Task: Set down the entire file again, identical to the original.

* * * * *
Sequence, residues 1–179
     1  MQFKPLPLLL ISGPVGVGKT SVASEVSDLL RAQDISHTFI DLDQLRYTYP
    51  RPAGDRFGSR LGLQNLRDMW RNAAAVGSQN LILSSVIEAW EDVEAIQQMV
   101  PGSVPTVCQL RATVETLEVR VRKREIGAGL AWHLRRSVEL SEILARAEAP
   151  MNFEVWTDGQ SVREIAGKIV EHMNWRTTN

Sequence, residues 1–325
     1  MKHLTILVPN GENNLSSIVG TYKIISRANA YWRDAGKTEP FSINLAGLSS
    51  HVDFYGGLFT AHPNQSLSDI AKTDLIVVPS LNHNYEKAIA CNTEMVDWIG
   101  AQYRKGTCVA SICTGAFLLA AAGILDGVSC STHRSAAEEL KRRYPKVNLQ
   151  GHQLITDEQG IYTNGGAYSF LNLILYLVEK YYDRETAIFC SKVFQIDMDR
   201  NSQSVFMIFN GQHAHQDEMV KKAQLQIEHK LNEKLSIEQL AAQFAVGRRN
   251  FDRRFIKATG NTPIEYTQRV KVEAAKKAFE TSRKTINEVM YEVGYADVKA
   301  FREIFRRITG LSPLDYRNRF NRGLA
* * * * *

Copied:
Sequence, residues 1–179
     1  MQFKPLPLLL ISGPVGVGKT SVASEVSDLL RAQDISHTFI DLDQLRYTYP
    51  RPAGDRFGSR LGLQNLRDMW RNAAAVGSQN LILSSVIEAW EDVEAIQQMV
   101  PGSVPTVCQL RATVETLEVR VRKREIGAGL AWHLRRSVEL SEILARAEAP
   151  MNFEVWTDGQ SVREIAGKIV EHMNWRTTN

Sequence, residues 1–325
     1  MKHLTILVPN GENNLSSIVG TYKIISRANA YWRDAGKTEP FSINLAGLSS
    51  HVDFYGGLFT AHPNQSLSDI AKTDLIVVPS LNHNYEKAIA CNTEMVDWIG
   101  AQYRKGTCVA SICTGAFLLA AAGILDGVSC STHRSAAEEL KRRYPKVNLQ
   151  GHQLITDEQG IYTNGGAYSF LNLILYLVEK YYDRETAIFC SKVFQIDMDR
   201  NSQSVFMIFN GQHAHQDEMV KKAQLQIEHK LNEKLSIEQL AAQFAVGRRN
   251  FDRRFIKATG NTPIEYTQRV KVEAAKKAFE TSRKTINEVM YEVGYADVKA
   301  FREIFRRITG LSPLDYRNRF NRGLA